Just Because You Do It Well Doesn’t Mean You Have To Do It

It Takes Work To Get Good At Things

The other day I wrote about estimating on my other blog. Estimating is the kind of skill that really improves quickly based on the number of mistakes you make – which isn’t like many other things.

Imagine being a trapeze artist – making mistakes won’t make you better. It might make you injured. What about a professional driver. Mistakes there can kill you. Some jobs don’t allow for mistakes (like Chris Rock’s joke about pilots).

Estimating, on the other hand, only gets better with more exposure. The more things you see and experience, the better you get.

So if you get good at estimating, it’s because you’ve seen a lot. You’ve experienced a lot. And now you are the go-to person for estimating things. Because people know you’ll be accurate and will know what to look for to mitigate risks in the effort.

Should You Do All The Things You’re Good At?

Most people who become experts at something – at least something that is hard to get good at – become known for their expertise. They become the go-to person for that topic. Let’s say you’ve become known for something. You’ve developed expertise.

Just Because You Do It Well Doesn’t Mean You Have To Do It Click To Tweet

Should you become the go-to person that does the work? Because you’re the best at it?

Most of us would start with a default of “yes.”

But let’s think about that for a quick second, by asking another question.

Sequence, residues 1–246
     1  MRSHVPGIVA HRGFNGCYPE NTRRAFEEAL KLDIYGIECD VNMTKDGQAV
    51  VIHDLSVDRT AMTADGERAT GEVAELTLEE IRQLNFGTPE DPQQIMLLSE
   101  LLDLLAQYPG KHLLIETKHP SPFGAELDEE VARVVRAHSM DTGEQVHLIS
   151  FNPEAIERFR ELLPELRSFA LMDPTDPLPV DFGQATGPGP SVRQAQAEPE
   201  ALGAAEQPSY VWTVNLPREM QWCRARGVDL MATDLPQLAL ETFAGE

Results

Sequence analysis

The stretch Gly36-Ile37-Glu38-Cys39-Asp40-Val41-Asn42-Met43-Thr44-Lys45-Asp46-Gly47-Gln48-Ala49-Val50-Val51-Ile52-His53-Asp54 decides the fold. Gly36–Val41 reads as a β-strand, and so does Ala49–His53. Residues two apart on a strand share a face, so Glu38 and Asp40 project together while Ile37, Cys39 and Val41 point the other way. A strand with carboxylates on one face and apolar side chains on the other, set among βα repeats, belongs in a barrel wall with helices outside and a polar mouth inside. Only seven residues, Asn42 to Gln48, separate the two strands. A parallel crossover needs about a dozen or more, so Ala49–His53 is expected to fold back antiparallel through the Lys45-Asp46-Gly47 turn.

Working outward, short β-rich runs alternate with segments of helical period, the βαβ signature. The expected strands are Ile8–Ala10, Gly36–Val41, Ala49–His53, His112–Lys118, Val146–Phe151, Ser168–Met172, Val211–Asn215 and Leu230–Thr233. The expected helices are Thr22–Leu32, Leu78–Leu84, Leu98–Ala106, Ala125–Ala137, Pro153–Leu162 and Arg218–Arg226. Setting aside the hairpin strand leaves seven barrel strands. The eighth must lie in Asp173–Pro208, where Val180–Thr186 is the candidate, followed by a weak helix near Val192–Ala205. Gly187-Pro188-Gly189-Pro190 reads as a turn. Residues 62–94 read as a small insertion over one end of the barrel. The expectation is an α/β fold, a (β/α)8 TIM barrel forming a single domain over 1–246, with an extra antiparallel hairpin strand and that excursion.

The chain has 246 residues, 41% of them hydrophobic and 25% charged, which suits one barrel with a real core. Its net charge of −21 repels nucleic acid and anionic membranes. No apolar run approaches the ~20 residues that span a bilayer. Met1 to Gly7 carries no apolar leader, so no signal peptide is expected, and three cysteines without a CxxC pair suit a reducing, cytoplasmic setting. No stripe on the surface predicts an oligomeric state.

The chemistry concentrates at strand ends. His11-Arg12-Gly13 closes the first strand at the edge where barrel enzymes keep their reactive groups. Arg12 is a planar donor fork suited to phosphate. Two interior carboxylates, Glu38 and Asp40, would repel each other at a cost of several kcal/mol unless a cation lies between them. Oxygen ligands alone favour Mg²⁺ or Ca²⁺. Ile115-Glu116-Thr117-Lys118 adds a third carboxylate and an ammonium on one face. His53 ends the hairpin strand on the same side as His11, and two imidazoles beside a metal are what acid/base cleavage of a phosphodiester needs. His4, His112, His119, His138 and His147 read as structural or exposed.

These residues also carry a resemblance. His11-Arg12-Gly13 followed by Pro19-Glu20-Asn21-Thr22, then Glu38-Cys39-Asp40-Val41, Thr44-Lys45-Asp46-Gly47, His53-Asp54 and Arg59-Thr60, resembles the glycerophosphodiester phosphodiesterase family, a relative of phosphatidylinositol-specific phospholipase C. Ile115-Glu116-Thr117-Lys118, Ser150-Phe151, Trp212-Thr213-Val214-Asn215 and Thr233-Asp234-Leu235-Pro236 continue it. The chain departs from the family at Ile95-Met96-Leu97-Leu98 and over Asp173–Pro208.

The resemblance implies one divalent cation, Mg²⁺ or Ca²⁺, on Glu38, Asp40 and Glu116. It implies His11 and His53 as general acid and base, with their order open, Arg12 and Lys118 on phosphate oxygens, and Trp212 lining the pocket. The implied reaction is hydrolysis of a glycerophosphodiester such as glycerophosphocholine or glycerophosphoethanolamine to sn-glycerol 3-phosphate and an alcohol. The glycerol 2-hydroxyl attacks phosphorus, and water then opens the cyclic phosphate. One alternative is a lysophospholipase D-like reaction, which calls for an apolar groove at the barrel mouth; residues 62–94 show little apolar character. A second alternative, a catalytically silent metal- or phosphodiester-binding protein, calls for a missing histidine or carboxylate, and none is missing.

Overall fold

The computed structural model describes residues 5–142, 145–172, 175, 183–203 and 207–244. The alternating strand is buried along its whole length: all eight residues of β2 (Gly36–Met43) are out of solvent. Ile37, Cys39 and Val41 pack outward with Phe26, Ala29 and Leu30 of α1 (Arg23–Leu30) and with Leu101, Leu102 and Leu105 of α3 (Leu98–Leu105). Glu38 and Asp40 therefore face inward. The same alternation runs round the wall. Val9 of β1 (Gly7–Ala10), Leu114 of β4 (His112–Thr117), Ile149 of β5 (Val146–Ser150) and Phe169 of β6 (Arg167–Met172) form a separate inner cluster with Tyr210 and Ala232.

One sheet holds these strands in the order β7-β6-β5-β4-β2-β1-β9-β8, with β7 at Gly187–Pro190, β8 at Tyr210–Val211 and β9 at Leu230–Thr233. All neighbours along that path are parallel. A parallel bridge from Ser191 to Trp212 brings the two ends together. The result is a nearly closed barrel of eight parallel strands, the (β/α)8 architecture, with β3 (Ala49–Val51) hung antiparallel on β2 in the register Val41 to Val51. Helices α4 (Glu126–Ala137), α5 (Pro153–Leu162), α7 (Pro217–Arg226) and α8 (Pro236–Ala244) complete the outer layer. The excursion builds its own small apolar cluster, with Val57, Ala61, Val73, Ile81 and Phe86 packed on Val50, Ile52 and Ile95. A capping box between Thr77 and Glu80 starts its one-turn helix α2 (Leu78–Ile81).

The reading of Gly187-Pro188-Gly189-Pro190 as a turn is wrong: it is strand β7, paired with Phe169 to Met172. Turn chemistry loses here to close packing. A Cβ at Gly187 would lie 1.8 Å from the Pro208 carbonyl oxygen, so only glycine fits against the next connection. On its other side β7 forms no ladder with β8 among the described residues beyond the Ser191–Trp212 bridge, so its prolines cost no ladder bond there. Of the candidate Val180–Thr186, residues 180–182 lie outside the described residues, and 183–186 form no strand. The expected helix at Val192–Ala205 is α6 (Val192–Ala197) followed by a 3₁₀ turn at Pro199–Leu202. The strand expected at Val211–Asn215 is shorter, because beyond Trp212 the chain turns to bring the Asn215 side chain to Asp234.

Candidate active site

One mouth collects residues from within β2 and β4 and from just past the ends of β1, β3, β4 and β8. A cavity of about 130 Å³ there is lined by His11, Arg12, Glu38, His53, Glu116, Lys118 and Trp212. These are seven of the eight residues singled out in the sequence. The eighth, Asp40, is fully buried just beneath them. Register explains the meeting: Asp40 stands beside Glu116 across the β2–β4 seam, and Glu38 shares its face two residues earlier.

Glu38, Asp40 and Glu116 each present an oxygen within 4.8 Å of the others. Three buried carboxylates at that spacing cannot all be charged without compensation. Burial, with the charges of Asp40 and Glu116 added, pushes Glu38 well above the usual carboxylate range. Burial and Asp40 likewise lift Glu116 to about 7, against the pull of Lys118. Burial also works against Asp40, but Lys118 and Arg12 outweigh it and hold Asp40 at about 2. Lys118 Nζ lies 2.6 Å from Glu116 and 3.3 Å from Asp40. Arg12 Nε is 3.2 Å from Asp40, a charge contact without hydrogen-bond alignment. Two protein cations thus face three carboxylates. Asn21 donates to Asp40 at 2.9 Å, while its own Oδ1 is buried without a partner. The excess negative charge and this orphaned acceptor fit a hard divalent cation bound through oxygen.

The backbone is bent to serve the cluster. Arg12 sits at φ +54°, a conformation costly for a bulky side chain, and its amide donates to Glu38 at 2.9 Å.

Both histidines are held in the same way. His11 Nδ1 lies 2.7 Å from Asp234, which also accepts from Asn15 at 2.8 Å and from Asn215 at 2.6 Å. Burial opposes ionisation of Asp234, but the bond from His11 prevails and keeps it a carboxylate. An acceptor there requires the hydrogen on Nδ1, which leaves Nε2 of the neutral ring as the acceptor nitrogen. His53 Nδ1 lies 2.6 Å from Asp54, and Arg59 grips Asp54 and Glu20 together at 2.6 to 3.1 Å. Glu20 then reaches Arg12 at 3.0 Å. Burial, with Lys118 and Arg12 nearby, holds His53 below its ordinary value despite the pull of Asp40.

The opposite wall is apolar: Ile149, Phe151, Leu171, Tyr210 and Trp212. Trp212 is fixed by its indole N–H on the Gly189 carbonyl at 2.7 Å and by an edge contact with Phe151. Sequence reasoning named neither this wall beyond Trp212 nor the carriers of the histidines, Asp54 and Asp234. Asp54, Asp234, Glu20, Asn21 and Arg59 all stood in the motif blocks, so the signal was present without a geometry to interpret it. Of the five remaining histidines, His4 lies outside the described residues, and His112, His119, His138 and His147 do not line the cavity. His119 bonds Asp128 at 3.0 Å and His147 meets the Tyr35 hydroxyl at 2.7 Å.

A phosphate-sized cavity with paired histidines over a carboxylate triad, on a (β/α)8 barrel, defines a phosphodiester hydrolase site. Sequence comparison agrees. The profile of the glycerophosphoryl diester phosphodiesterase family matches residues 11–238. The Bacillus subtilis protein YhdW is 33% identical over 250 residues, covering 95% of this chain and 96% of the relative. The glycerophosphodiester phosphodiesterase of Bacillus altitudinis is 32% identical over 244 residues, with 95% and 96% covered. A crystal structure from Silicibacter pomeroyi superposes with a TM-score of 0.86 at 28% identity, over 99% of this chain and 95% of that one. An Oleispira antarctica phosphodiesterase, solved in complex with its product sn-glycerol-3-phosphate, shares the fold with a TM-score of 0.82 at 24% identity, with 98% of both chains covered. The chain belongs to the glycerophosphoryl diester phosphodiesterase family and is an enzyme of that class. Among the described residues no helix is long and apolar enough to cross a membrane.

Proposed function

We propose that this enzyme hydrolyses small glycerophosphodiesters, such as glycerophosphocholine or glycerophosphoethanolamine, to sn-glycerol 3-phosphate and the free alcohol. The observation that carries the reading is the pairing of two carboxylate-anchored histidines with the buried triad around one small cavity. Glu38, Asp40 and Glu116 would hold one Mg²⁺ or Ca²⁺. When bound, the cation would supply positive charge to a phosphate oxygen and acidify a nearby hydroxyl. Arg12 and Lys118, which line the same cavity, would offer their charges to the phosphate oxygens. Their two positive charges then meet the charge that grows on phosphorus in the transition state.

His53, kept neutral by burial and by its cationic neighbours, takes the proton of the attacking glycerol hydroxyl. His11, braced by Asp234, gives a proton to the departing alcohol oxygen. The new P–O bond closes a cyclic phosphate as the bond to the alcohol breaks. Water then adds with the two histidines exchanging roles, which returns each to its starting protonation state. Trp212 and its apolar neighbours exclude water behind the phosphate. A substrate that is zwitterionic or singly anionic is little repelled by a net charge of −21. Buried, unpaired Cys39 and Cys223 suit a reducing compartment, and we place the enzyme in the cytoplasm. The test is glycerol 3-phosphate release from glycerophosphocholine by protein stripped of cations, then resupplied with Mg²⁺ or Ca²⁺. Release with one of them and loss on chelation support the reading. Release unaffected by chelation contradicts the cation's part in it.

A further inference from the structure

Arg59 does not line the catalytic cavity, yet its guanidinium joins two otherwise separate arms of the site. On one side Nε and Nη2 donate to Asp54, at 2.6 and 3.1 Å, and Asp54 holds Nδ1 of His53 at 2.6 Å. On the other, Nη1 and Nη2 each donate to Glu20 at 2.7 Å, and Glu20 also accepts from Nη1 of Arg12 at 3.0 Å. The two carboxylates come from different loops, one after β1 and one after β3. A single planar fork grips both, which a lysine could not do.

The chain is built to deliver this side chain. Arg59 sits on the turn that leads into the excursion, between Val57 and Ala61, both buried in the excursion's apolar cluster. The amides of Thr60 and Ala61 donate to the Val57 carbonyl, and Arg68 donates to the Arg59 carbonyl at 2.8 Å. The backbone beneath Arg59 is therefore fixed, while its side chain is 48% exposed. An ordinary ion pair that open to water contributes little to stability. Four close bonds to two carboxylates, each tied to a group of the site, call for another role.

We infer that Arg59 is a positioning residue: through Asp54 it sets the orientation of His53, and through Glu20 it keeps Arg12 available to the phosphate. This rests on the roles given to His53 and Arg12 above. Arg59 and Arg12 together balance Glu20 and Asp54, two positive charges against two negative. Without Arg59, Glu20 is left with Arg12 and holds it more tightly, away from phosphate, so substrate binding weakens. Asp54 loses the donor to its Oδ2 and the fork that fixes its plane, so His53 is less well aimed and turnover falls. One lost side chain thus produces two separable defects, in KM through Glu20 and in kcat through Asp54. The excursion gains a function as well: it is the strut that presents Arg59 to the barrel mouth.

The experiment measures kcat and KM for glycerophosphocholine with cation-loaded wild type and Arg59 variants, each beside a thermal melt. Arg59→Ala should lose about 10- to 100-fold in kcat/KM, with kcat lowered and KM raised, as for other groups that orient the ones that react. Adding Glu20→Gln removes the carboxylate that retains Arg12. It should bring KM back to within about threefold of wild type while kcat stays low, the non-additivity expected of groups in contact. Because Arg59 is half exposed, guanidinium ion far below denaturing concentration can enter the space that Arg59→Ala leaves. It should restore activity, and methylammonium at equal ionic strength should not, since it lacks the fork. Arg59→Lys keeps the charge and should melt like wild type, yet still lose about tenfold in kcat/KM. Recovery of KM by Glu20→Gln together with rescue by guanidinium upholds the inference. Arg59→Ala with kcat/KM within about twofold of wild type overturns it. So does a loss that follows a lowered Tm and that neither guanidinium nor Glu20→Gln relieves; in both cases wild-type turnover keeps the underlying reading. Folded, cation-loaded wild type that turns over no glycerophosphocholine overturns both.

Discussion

How did you get good at it?

Most likely, you had the right turns at bat. To get good at anything, you need the opportunity to practice. What that means is you need the opportunity to do it when you’re not good at it.

So we come back to the earlier question.

If you’re great at something, does that mean you should do it?

I think my answer is no.

We Need to Build the Capacity to Fail at Things

If you’re an expert (or just really good) at something, you likely can tell the difference between the work that has the greatest risk and the work that could fail without killing things.

So what if you took the low risk items and offered them as an opportunity for someone else to learn. Over time they’ll develop competencies that they wouldn’t have without the opportunity.

But it also means they might fail.

And that brings me to my final point – we know how much failure helped us get good at things.

So why are we so committed to ensuring that other people don’t experience failure?